After the Club, They Spotted the Puncture Mark

A mysterious wave of needle attacks is being reported in France and beyond
By Newser Editors and Wire Services
Posted Jun 2, 2022 12:00 PM CDT
In Europe, a Puzzling Wave of Nightclub Needle Attacks
Youths walk on quay Des Anneaux near the Warehouse nightclub, Wednesday, May 18, 2022 in Nantes, western France.   (AP Photo/Jeremias Gonzalez)

Across France, 302 people have reported being pricked out of the blue with needles at nightclubs or concerts in recent months. Doctors and multiple prosecutors are on the case, but no one knows who's doing it or why, and whether the victims have been injected with drugs—or indeed any substance at all. Club owners and police are trying to raise awareness, and a rapper even interrupted his recent show to warn concert-goers about the risk of surprise needle attacks. It's not just France: Britain’s government is studying a spate of "needle spiking" there, and police in Belgium and the Netherlands are investigating scattered cases, too, reports the AP.

The targeted individuals, who are mostly women, show visible marks of injection, often bruises, and report symptoms like feeling groggy. Several police investigations are ongoing in different regions, but no suspect has been arrested yet, no needle has been found, and the motive remains unclear. No victims have reported sexual assault. An official with the national police agency said: "At this stage, we can’t talk about a specific modus operandi. There aren’t any similarities between the cases. The only thing similar is that people are being injected with a needle in a festive context in different places in France."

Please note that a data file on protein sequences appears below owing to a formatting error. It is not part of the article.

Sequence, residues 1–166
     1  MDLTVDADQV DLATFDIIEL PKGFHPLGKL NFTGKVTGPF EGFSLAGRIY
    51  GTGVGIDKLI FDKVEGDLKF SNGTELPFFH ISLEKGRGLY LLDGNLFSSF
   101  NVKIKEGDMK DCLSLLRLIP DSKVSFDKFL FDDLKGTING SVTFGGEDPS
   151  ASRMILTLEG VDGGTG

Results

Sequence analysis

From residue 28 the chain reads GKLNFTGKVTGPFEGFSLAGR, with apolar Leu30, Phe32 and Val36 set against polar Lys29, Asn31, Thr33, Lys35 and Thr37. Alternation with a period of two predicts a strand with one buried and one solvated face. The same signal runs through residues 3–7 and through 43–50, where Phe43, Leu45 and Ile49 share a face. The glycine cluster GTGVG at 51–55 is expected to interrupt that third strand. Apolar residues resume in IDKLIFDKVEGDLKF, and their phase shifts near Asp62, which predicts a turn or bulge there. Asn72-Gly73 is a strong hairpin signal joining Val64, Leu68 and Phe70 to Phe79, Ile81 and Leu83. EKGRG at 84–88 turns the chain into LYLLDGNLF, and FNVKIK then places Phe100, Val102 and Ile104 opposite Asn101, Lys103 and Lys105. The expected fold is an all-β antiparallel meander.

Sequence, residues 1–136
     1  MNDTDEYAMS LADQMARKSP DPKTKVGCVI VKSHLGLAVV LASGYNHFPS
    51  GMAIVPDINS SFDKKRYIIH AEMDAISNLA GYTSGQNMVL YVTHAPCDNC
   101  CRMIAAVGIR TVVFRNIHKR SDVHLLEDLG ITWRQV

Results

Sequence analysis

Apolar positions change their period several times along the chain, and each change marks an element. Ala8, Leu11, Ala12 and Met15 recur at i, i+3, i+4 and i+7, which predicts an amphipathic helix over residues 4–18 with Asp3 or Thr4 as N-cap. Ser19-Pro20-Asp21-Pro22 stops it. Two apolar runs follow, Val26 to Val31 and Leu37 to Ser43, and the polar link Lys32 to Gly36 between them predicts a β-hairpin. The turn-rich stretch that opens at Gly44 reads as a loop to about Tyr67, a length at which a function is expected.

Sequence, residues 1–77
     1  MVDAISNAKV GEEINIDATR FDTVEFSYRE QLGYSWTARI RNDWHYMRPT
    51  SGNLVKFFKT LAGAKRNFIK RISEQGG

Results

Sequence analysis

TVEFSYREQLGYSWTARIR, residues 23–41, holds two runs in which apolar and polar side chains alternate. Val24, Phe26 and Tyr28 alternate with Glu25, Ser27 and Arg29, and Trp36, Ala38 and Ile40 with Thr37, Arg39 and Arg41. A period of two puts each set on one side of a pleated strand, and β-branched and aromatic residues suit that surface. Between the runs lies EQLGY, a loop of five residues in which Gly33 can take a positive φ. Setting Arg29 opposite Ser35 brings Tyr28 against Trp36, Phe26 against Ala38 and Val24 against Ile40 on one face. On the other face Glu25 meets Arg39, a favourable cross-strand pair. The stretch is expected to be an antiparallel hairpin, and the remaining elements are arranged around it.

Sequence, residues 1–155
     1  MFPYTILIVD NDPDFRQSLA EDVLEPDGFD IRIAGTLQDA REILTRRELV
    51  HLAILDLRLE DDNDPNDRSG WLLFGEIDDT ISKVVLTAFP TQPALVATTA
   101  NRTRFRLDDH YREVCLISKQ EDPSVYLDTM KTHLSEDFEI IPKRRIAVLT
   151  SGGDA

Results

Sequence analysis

The AP shares some victims' stories: On May 4, 18-year-old Tomas Laux attended a rap concert in Lille in northern France, where he smoked a bit of marijuana and drank some alcohol during the show. When he came home, he was feeling dizzy and had a headache—and he spotted a strange little skin puncture on his arm and a bruise. The next morning, the symptoms didn’t disappear and Laux went to his doctor, who advised him to go to the emergency room. Medics confirmed evidence of a needle prick, and Laux was tested for HIV and hepatitis. His results came out negative, like other victims' so far. "I've given up going to concerts since it happened," Laux says.

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Hundreds of miles away, Leanne Desnos recounted a similar experience after going to a club in the southwest city of Bordeaux in April. Desnos, also 18, passed out the next day, and felt dizzy and had hot flashes while at a fast food restaurant. When she got home, she realized she had an injection mark on her arm. After having seen testimony on social media about the mystery pricks, she went to a clinic to get tested for infections. She is still awaiting results. (Read the full story.)

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